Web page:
All about an idli: British professor’s tweet sparks not so ‘boring’ debate

All about an idli: British professor’s tweet sparks not so ‘boring’ debate
New Delhi: Some would say it’s much ado about the idli, that humble staple of south India and therefore the centre of a furious debate on social media after a British academic disparaged it as “boring”. et al. that this is often a cultural, “civilisational” issue and therefore the brouhaha is entirely keep with its status within the annals of India’s diverse cuisine.
Either which way, the steamed rice and lentil ‘cake’ — a pan India favourite, a must-figure in most breakfast buffets, and therefore the choice of the discerning dieter also because the foodie for its health quotient — is suddenly much talked about and far discussed.
Paired mostly with coconut chutney, sambhar and a few spicy gunpowder soaked in ghee, the idli moved from the accounts of thousands of Twitter users to national and also some international media outlets with several food writers and journalists dishing up articles that explored its origins and reflected the social media debate.
It all began with British historian Edward Anderson responding to an issue from food aggregator with this innocuous statement on Twitter, ““Idlis are the foremost boring things within the world.”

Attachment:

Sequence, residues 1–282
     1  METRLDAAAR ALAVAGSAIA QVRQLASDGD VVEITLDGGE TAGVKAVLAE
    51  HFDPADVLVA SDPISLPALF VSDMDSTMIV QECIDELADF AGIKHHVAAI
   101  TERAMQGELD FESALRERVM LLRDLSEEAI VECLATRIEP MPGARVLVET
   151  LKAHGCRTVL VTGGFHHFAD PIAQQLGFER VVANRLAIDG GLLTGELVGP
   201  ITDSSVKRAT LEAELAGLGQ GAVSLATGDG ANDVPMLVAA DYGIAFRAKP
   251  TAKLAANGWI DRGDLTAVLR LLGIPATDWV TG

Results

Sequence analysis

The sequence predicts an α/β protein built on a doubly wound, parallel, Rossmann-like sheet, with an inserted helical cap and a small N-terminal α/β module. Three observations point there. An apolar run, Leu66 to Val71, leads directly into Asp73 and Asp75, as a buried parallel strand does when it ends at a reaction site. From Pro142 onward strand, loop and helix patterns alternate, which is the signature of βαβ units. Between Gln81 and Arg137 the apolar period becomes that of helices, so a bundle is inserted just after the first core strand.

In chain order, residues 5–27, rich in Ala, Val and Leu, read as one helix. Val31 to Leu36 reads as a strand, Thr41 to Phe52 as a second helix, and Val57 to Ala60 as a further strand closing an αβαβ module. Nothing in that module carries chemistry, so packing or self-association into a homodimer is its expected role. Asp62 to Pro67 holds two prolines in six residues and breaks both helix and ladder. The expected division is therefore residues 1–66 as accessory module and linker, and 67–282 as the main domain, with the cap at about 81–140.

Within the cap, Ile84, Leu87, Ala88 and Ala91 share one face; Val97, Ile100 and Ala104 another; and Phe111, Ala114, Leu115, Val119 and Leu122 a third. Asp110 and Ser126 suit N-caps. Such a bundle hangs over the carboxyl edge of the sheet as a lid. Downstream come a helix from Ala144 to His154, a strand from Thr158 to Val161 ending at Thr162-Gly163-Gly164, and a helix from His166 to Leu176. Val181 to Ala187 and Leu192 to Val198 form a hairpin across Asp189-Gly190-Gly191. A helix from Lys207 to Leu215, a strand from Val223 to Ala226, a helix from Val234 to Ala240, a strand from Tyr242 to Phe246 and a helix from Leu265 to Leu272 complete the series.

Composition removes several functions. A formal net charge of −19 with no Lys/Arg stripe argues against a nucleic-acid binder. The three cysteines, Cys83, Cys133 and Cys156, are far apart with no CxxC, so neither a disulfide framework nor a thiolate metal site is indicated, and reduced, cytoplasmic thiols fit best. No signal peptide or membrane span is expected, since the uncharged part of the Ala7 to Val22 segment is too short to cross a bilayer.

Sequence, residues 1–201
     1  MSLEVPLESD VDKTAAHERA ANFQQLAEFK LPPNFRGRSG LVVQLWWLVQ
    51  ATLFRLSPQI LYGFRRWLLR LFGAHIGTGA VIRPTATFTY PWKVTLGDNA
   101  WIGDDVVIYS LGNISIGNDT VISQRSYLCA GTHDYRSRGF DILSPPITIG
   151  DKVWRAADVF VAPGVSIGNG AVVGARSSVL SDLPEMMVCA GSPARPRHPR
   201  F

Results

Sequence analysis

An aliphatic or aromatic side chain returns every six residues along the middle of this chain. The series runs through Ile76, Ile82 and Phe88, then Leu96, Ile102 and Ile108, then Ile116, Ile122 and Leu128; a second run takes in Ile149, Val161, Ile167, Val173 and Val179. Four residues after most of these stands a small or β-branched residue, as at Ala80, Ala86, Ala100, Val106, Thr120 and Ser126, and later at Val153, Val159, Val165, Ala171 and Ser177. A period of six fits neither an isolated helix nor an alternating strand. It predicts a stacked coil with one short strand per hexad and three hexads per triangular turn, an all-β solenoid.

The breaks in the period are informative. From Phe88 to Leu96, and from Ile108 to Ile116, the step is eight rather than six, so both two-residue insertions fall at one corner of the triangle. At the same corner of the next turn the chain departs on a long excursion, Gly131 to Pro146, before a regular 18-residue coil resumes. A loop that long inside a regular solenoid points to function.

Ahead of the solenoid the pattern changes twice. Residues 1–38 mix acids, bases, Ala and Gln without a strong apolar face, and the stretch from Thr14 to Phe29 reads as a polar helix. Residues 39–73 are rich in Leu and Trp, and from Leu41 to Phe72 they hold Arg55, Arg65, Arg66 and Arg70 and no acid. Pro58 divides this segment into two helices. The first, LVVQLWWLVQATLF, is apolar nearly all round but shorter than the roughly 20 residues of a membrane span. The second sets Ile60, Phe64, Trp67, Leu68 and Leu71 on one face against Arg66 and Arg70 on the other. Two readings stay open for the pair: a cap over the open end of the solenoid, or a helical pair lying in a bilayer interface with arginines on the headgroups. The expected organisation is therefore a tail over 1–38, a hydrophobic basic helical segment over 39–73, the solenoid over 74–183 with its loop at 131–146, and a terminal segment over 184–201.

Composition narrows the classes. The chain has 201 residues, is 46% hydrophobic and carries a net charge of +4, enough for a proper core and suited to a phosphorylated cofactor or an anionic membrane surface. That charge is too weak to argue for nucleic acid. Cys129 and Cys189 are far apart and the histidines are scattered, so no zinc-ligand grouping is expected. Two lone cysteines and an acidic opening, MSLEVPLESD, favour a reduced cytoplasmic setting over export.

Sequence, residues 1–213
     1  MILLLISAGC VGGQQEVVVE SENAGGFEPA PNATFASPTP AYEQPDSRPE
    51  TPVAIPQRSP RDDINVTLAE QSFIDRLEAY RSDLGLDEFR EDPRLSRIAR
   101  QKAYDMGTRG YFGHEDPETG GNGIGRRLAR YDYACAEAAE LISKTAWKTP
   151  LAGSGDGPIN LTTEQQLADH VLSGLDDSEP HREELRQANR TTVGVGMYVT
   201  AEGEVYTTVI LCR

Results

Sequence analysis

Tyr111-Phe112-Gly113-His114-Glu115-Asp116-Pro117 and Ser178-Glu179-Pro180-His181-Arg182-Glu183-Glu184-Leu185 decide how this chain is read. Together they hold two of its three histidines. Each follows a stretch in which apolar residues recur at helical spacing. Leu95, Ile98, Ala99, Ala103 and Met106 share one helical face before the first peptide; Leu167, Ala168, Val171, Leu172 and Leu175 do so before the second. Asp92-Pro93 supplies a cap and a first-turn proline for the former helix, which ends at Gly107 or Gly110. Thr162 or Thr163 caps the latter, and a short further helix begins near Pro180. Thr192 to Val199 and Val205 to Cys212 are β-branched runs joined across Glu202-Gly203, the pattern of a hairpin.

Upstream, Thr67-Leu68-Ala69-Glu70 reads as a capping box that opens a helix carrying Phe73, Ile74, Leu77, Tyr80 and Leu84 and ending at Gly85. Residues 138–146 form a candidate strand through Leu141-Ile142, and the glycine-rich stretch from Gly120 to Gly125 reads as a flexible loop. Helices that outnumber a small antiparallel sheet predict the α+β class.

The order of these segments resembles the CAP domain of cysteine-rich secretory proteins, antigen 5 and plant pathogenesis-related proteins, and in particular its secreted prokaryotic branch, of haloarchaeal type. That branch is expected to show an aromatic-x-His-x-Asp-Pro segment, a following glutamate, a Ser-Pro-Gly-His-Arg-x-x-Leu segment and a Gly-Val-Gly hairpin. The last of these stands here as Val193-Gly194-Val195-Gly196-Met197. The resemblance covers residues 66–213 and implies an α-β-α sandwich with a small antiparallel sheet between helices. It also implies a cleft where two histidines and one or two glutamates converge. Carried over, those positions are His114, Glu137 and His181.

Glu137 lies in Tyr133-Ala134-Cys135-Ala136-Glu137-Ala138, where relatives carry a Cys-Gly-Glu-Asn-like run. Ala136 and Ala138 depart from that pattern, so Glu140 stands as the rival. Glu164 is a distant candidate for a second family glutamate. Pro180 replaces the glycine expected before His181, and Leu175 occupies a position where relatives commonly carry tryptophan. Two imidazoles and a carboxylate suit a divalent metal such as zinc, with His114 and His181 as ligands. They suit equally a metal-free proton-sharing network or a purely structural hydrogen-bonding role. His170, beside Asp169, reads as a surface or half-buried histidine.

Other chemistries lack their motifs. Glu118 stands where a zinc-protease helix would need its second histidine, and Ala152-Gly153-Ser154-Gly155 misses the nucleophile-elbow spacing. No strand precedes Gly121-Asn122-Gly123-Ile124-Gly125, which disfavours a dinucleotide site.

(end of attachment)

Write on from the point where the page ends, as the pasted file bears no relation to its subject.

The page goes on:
And the floodgates opened.
Author and Congress MP from Thiruvananthapuram Shashi Tharoor termed the professor “truly challenged” and Twitter users, some indignant, some passionate and a few tongue firmly in cheek, flooded the microblogging site with variations of why they just like the wild rice cakes and also why they do not .
Tharoor’s son Ishaan Tharoor, a US-based columnist, said, “I think I even have encountered the foremost offensive combat Twitter.”
“Yes, my son, there are some who are truly challenged during this world. Civilisation is tough to acquire: the taste & refinement to understand idlis, enjoy cricket, or watch ottamthullal isn’t given to each mortal. Take pity on this pauper , for he may never know what Life are often ,” tweeted the Congress MP.
Anderson, whose Twitter bio states that he’s employed on the “politics and history of India & Britain, migration & diasporas”, did also say his wife is from Kerala. He may have found the idli boring but loves “basically all south Indian food”.
But idli fans were up in arms nonetheless. The idli has found an area within the Indian plate “and palate” because it’s light on the stomach, inexpensive and attractive too, said many food lovers, historians and critics alike.
Terming Tharoor’s tweet a “valid response” to Anderson, food historian Pushpesh Pant said the “beautiful and perfectly balanced food” isn’t just healthy but “cost effective” too because the batter are often used over several days for various dishes.
“I think idli may be a beautiful and perfectly balanced food. it’s lentils, it’s rice and it gives you a really interesting mixture of vegetable proteins. it’s a steamed food, it doesn’t take an excessive amount of oil to form , also it’s easy to digest.”
“The batter you prepare to form idli on the primary day are often wont to make idli which is that the softest, second day you create dosas which are slightly less fluffy, third day you employ it for uttapam, so this cycle continues,” Pant told PTI.